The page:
It feels like life on the farm has gotten busy, but I really can’t say we have accomplished much more than usual.
I joined the sub roster at my daughter’s school and have been called several times. Monday and Tuesday I subbed for my daughter’s teacher, and my already healthy respect for her grew ten fold. Honestly, she has a great bunch of students, and five year olds are just a lot of fun, but what a lot to keep up with! I still wish we could homeschool, but we’re just not there, and this is almost as nice.
The new pup has settled in and is part of the family. Don’t you just love the smell of a puppy? She is a smart dog, but her body has outgrown her brain, as pup’s bodies do. She has learned, with the help of our three year old, to go up the stairs. Perhaps next she will learn to come back down.
The spring-like weather we were having last week ended Sunday afternoon. Sunday morning we played at the park wearing only sweatshirts (okay, not only sweatshirts), and came home to a snow free yard. We even tinkered in the garden area a bit. By evening we had three fresh inches of snow and now it’s more like six or seven. I am confident, though, that this is Winter’s last push and I’m standing by my prediction that I’ll have dirt between my toes in the second half of March.
The seedlings I started two weeks ago are up and doing well. I think it’s funny that the “Early Jalopeno” peppers were the last to germinate. My husband was right though, the broccoli and cabbage were already getting leggy, so we transplanted them into peat pots, burying them to just below the leaves.
Dang! If I had realized making yogurt was going to be so easy I’d have done it years ago. I actually did this project a couple weeks ago, but never got around to writing about it. I followed the directions given in Storey’s Country Wisdom and Know How, but there are a lot of directions on the internet, and they are all basically the same.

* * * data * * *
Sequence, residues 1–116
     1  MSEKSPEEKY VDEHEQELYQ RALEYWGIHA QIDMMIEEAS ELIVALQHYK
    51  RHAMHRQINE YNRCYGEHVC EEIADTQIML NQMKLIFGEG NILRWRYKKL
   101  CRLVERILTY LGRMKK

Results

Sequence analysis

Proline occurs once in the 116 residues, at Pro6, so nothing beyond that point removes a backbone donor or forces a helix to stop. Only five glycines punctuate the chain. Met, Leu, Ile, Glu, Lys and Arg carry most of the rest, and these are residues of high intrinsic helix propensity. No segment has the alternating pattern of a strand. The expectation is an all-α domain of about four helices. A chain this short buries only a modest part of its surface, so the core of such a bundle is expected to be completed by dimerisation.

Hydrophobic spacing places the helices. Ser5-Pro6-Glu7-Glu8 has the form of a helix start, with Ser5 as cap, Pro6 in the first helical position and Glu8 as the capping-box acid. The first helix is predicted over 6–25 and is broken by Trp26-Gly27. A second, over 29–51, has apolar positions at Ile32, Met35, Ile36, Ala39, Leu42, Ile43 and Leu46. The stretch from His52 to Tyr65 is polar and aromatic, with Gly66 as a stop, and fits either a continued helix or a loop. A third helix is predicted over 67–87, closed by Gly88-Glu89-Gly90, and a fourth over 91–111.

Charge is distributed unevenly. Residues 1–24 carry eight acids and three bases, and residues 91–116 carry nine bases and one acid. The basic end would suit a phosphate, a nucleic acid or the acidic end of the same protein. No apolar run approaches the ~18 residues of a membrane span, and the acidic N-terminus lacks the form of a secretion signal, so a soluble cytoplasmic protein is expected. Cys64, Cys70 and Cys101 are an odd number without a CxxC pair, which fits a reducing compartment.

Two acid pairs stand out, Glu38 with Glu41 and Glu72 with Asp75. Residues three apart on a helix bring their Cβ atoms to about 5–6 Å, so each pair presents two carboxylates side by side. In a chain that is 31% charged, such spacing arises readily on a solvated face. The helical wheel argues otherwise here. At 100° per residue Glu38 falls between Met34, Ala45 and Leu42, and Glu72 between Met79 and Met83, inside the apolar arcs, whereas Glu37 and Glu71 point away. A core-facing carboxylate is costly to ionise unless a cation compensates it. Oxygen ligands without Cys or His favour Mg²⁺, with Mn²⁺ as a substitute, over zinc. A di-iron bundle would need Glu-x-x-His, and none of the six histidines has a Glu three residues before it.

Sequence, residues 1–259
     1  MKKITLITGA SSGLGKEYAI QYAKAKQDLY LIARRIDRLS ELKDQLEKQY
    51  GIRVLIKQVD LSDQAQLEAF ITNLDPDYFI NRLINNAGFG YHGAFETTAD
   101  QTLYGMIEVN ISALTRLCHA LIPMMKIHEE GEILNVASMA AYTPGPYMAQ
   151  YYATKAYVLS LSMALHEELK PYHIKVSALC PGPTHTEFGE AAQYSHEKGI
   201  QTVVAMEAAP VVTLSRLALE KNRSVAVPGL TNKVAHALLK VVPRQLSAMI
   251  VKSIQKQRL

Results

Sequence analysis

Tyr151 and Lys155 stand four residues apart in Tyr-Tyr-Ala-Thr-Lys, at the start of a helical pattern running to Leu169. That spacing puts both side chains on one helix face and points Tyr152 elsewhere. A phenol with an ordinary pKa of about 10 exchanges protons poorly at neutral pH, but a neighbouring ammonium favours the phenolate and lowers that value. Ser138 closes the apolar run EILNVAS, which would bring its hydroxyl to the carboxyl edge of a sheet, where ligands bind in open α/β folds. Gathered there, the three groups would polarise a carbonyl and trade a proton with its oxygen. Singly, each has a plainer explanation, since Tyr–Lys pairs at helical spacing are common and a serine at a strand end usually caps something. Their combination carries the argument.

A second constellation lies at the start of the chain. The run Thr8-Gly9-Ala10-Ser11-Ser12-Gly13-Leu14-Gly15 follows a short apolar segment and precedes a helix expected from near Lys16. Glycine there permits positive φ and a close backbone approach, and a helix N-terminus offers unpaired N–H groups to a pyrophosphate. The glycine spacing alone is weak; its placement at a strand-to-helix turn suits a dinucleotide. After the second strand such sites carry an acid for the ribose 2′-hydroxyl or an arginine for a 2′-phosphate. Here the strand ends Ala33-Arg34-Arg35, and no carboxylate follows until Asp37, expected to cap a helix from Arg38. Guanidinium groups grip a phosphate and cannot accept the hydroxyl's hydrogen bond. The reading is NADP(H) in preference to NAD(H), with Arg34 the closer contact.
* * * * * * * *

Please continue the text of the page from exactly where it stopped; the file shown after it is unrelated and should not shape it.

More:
- 1 Qt milk
- 1/3 c instant dry milk (optional, adds protein and makes thicker yogurt)
- 1 rounded tbsp plain active yogurt (or equivalent starter culture)
First make sure your cooking implements are sterile by scalding them. I hold my sterilized jars in a warm oven until I need them. Rogue bacteria can impart off flavors to your yogurt. We only want the yogurt bacteria to grow.
Next scald your milk by bringing it to 180 degrees over a medium burner. After the milk has reached 180 remove it from the heat source and allow it to cool to approximately 110 degrees. Add your yogurt and dried milk and stir thoroughly. If you’d like you can pour the mixture into smaller containers for incubating. I used pint jars.
To incubate my yogurt I put an inch or so of warm water in a slow cooker, then added my containers of yogurt. I set the cooker to “warm” then covered the whole works with a heavy towel. I left a thermometer in the slow cooker and checked it every hour or so. If the temp was creeping above 112 or so I’d turn it off, and when the temp dropped below 108 I’d turn it back on for a few minutes. Temps closer to 120 yield a more tart yogurt, and temps too low won’t propogate the cultures.
After about five hours, test the set by gently tipping a jar of yogurt. Keep the lid on in case it is still fairly liquid. It should be set up by this point, but if not, continue to incubate it until it has thickened. When your yogurt has reached the consistency you like you can refrigerate it for about a week, adding fruit or flavorings when you are ready to eat it.
I added the step of straining my yogurt to make it “Greek”. When you strain the yogurt, the whey takes much of the lactose with it, leaving you with a low carb, high protein end product. It also makes a thicker, more decadent yogurt. I use it as one would commonly see yogurt at the store, mixed with fruit, or vanilla, but I also use it plain in place of sour cream.
After I made this good yogurt, my friend, Amy, one-upped me by making the most delicious cream cheese I have ever tasted. I’ll have to try that next and let you know how it goes!